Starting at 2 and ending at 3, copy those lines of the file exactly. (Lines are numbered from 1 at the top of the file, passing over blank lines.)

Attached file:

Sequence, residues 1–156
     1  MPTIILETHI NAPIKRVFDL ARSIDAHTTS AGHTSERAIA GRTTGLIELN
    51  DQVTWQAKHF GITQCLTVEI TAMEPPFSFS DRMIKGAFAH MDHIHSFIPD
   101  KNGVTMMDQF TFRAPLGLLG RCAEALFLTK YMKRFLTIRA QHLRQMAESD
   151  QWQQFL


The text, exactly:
     1  MPTIILETHI NAPIKRVFDL ARSIDAHTTS AGHTSERAIA GRTTGLIELN
    51  DQVTWQAKHF GITQCLTVEI TAMEPPFSFS DRMIKGAFAH MDHIHSFIPD